There’s no way to sugarcoat it. The Minnesota Timberwolves had a dreadful 2020/2021 campaign, and questions about their long-term outlook hover over them for at least the third straight offseason.
The roster, which is a funky combination of players predominantly stronger on one end of the floor than the other, could use a major overhaul if the Wolves wish to make the most of the upcoming prime years of superstar Karl-Anthony Towns.
During the 2020 NBA Trade Deadline, the Wolves traded for D’Angelo Russell, who Towns wanted to play with, but despite the duo having now been together for almost a year and a half, they really haven’t been able to gel on the court for a variety of reasons.
The coronavirus pandemic prevented Towns and Russell from on-court development time last season, which meant the twosome more or less started over from scratch going into this season getting acclimated to each other’s games and spots on the floor.
Far more tragic than practice time however, was the pandemic’s influence on the life of Towns, who lost his mother and six additional family members to the virus.
No one would have batted an eye if Towns had decided to sit out the year, as that type of loss is unfathomable and no one can be asked to simply get through it. Yet, Towns took the floor and managed to play 50 games while sporting greatly improved playmaking. It was a herculean effort by the 25-year-old, which shows once again it’s time for the Wolves to do right by him.
But, what does that mean?
Doing right by Towns could mean building the right team around him, which is the clear-cut top priority within the franchise. But, failing that, it could mean acknowledging that he needs to go to a more competitive environment.
Of course, that should be the last resort and Towns would have to inform the franchise of a desire for a change. If he doesn’t voice such a desire, there’s no need to explore that avenue, at least not until he gets closer to the end of his contract.
But let’s stick with that theme for a second. Towns is on a contract that ends in 2024, meaning he is locked up for another three seasons. Given that he’s currently 25, the combination of age and length of team control arguably creates the parameters of him having more trade value than ever before, and likely will ever have.
Again, that’s not to suggest the Wolves should opt out of the Towns era. However, it is worth acknowledging that the haul they could receive for him this summer, especially if he privately expresses a desire for change – and so far he hasn’t – could be an all-time high.
Also worth consideration is the fact that Minnesota has seen great in-season development from 19-year-old Anthony Edwards, meaning if they do pivot into something new, they already have the centerpiece of the next generation of Wolves players.
You could essentially ask for the moon if Towns is on the market, and you’d get it. The New Orleans Pelicans are looking to build a strong team around Zion Williamson and Brandon Ingram. They could send back Kira Lewis, Nickeil Alexander-Walker, Jaxson Hayes, their lottery pick this year, their unprotected 2022 and 2024 first-rounders via the Los Angeles Lakers, and if push comes to shove, there are also their 2025 and 2027 first-rounders via the Milwaukee Bucks which potentially come into play, pending New Orleans’ walk-away price.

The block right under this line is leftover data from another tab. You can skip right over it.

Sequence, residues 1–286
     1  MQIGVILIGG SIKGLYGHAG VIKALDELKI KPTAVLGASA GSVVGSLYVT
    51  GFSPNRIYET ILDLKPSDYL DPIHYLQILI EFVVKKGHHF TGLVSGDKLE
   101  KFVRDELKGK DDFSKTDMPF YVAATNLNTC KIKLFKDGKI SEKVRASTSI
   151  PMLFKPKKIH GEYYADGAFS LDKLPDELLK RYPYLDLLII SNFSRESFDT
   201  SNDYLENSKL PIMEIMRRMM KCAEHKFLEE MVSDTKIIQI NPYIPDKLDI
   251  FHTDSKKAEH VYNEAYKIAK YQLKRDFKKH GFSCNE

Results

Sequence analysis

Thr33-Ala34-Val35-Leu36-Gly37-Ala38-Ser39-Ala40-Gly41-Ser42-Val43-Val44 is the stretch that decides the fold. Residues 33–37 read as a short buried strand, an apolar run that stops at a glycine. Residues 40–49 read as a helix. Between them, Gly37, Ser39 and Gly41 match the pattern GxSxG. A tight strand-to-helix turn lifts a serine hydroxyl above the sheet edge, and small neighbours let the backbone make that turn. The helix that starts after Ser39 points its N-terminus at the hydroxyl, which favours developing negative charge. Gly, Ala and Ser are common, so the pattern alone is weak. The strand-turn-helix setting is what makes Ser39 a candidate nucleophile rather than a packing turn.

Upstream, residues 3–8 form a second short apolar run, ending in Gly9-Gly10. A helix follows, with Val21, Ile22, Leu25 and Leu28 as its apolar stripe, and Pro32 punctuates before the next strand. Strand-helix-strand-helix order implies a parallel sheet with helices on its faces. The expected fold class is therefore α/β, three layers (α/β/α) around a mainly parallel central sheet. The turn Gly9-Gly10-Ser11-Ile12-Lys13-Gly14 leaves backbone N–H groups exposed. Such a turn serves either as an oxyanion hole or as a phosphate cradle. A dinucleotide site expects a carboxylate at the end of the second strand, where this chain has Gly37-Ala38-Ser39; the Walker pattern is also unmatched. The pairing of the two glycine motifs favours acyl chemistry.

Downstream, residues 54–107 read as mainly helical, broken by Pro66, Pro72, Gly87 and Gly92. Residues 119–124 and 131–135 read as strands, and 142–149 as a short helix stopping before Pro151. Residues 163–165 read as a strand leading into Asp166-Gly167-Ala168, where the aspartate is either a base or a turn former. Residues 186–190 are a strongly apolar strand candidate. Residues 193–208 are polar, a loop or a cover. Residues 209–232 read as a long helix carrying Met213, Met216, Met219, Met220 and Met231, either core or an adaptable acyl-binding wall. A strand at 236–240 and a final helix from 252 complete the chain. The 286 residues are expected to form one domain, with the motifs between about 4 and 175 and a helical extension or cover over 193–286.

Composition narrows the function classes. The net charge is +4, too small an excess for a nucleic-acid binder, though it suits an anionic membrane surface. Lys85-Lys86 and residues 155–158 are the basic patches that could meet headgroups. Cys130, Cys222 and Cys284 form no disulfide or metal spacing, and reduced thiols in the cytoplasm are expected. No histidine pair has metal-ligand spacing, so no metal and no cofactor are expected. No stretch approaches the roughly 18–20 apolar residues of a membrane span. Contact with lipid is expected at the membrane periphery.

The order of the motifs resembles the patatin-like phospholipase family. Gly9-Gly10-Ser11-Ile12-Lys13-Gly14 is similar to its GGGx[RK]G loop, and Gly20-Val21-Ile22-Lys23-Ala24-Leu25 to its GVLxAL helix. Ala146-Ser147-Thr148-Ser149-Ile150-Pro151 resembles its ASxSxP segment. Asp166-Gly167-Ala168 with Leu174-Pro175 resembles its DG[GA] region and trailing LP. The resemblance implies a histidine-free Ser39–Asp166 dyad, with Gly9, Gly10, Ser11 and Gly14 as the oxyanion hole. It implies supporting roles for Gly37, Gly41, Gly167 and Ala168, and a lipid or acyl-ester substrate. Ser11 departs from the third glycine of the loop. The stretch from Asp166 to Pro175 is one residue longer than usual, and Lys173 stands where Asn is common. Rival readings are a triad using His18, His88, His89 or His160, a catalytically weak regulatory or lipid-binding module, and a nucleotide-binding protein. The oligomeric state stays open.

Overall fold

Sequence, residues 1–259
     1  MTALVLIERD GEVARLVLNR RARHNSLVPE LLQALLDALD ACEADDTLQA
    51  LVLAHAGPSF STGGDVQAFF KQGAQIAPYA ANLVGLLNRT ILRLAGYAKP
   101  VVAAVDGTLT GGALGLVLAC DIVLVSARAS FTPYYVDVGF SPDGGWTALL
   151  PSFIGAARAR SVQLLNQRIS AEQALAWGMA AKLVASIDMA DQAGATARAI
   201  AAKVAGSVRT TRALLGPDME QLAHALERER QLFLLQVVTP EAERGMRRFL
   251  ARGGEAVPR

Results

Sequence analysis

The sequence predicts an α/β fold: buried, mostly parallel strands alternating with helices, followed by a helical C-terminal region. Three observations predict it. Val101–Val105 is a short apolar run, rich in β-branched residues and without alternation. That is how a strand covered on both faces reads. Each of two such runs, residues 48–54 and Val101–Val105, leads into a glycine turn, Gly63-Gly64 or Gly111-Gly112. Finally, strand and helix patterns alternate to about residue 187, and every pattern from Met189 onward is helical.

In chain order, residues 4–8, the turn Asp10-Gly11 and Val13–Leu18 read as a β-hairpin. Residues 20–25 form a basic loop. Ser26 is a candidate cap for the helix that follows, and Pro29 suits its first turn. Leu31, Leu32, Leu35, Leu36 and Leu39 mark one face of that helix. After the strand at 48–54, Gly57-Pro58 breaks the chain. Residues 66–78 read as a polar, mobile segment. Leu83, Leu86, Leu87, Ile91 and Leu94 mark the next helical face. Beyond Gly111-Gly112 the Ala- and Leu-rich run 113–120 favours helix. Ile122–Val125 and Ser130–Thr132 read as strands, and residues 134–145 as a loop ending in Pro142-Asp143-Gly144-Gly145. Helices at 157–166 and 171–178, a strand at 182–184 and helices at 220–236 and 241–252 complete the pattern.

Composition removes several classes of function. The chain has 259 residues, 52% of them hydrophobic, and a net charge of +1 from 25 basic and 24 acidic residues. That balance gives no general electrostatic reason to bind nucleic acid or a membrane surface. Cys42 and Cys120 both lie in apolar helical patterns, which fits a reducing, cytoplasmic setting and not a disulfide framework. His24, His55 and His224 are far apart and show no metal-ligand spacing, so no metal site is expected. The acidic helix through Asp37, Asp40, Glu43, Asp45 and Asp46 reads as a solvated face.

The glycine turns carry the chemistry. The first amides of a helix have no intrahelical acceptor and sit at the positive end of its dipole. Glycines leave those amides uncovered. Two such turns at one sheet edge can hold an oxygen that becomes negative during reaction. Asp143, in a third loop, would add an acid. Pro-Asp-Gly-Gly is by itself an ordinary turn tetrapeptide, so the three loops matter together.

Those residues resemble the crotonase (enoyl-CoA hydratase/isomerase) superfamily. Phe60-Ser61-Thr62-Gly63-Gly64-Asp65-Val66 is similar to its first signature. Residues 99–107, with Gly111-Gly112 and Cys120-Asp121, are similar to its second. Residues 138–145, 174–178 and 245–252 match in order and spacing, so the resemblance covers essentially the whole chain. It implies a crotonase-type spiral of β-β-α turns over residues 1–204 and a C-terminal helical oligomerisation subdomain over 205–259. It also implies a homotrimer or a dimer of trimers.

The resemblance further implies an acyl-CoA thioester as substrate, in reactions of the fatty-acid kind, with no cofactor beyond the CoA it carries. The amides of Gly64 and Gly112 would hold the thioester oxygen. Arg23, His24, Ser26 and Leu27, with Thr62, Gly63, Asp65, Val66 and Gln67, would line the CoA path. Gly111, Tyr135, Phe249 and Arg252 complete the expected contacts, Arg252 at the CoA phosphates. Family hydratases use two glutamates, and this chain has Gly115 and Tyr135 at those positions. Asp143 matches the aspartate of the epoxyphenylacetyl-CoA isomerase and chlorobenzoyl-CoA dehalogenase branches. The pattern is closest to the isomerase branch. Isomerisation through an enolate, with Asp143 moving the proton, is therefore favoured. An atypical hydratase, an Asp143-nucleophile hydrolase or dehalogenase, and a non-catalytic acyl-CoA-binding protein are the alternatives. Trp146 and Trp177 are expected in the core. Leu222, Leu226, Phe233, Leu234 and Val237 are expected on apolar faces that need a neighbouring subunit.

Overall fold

Pivoting into a more preferable route, which focuses on keeping the big man around, means having to make significant changes elsewhere on the roster.
Jarrett Culver and Josh Okogie both are highly versatile defenders, but neither functions as a viable offensive option. On the other side of the spectrum is Malik Beasley and Jaylen Nowell, both highly offensively inclined guards with little defensive upside.
For the Wolves to catapult themselves into playoff contention, there simply isn’t space on the roster for four guards who only specializes on one end of the court. Especially given that both Russell and Edwards also seem to fall into that latter category.
The Wolves will need to identify a small group of keepers and have the guts to trade or walk away from literally everyone else.
Presumably, that small group consists of Towns, Russell, Edwards, Jarred Vanderbilt and Jaden McDaniels.
Vanderbilt and McDaniels are both defensively versatile forwards who both have a certain level of offensive upside, where they should prevent themselves from ever turning into liabilities.
But to go from there, to building a team around the above group – and the potential addition of Minnesota’s 2021 lottery pick, assuming it doesn’t land outside the Top 3 and conveys to the Golden State Warriors – is a long road. One that may eventually tire Towns, forcing his hand in requesting a trade a couple of years down the line.
Should that happen, it’s fair to consider if Towns, then 27 and with only one year left on his deal, can fetch as much as he can now in a trade. Logic would dictate he wouldn’t, given that teams would consider him a flight risk due to the modest one year remaining on his contract.
Does that mean the Wolves should be proactive and move him now just to optimize value? Not necessarily. But the above scenario is something they need to plan for.
The Wolves have to understand that asking Towns for patience, while on a bad team during the peak of his physical prime years, is a tremendous ask. One that Towns could reject at any given point during the next three years.
For the Wolves, that means having some frank conversations behind closed doors, while also gauging exactly what Towns is thinking.
If Towns indicates he’s in it for the long haul, and he keeps dedicating himself to the franchise, all is well. If not, maybe it’s time for a change.